The Letter is referring to a custom that Herodotus describes in History 1:199: In Babylonia, women had to “sit in the temple of Aphrodite and have intercourse with some stranger once in her life” (BibleWorks translation) as part of a fertility ritual. If no one wanted them because they were unattractive, then they had to wait. They couldn’t go home! No wonder one of them was mad because her cord was not broken!
But we see the same sort of thing in the canonical portions of the Bible (canonical from a Jewish and Protestant perspective). Jacob loved Rachel over Leah, since Rachel was the curvaceous one (Genesis 29:17-18). Sarah and Rebekah were knock-outs (Genesis 12, 20, 26).
Some have suggested that the Bible itself supports that kind of discrimination. I once read an article that said the author of the David stories conveys that David is good by presenting him as handsome (I Samuel 16:12). Perhaps. But there are Bible passages that seem to oppose a focus on outer beauty:
Genesis 29:31: “When the LORD saw that Leah was unloved, he opened her womb; but Rachel was barren.”
I Samuel 16:7: “But the LORD said to Samuel, ‘Do not look on his appearance or on the height of his stature, because I have rejected him; for the LORD does not see as mortals see; they look on the outward appearance, but the LORD looks on the heart.'”
Proverbs 31:30: “Charm is deceitful, and beauty is vain, but a woman who fears the LORD is to be praised.”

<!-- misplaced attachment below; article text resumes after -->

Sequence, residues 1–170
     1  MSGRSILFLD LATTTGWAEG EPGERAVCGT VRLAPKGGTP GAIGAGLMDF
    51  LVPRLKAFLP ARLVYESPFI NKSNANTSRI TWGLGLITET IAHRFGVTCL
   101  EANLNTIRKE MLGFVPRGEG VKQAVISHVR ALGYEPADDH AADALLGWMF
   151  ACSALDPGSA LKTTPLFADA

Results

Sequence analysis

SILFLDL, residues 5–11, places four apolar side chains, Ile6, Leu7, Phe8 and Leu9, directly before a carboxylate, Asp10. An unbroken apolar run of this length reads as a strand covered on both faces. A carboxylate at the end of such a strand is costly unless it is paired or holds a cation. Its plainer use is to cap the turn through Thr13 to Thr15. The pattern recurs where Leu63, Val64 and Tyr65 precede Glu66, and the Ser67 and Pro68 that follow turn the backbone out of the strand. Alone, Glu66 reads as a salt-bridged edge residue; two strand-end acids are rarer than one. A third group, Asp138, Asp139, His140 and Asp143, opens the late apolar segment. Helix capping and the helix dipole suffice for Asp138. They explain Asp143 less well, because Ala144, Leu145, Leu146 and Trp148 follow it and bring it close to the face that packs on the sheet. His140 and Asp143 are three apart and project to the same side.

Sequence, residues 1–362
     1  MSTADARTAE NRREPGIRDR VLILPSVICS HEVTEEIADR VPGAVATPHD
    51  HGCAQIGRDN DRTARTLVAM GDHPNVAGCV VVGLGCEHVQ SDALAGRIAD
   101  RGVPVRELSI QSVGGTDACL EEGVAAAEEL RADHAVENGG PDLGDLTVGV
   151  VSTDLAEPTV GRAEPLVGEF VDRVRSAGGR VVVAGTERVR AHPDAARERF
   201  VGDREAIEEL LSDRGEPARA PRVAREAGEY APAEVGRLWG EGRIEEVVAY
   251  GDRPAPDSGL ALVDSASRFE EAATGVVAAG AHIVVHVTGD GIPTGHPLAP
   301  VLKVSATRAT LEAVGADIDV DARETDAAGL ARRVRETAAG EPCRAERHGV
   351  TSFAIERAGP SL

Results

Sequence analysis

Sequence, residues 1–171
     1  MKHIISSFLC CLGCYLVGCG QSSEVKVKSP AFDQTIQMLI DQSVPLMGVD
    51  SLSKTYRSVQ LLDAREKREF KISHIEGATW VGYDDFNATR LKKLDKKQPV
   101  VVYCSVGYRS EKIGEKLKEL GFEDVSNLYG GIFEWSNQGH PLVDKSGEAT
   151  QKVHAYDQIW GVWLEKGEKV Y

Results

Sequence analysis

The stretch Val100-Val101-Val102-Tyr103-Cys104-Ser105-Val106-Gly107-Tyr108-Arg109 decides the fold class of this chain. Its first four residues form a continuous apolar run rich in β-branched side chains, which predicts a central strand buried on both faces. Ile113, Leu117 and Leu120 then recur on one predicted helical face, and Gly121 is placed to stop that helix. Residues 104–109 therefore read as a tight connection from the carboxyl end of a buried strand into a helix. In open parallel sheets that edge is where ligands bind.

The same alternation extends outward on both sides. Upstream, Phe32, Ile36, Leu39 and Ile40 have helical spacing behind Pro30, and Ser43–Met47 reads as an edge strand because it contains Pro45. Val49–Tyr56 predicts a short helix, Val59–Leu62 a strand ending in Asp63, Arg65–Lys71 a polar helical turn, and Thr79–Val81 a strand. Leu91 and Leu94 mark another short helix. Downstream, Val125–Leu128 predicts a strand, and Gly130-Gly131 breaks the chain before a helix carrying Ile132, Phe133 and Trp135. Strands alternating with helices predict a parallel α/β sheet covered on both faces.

And the New Testament also prioritizes inner beauty over outward appearance:
I Peter 3:3-4: “Do not adorn yourselves outwardly by braiding your hair, and by wearing gold ornaments or fine clothing; rather, let your adornment be the inner self with the lasting beauty of a gentle and quiet spirit, which is very precious in God’s sight.”
My problem is this: I can criticize the world and even the church for focusing so much on outward appearances. But the fact is that I do so as well. And I’m not sure if I can help myself on that.
When I lived in New York and attended Redeemer, Tim Keller was talking about dating. He asked us if we focus more on superficial things when we look for a mate–such as looks, body, wealth, success, etc.–or if we instead seek good character. He related that a frustrated young man told him that Redeemer is just like the world when it comes to the dating game: the women blow you off if you’re not successful.
I can sympathize with that young man, since I feel blown off a lot. But can Tim Keller tell us whom we should be attracted to? Can God even command us on this? We’re attracted to whom we’re attracted. Evolutionists say it’s evolutionary–women are drawn to the strong men who can protect them and give them lots of babies. Wasn’t that what Lucas said about Charlie Sheen in Lucas?
I hate the line “Let’s just be friends,” but maybe that’s the solution to my whole dilemma. We can’t help whom we’re attracted to. But we can treat everyone with respect and dignity. At the same time, hopefully what attracts us is more than skin deep, and we can look at character too.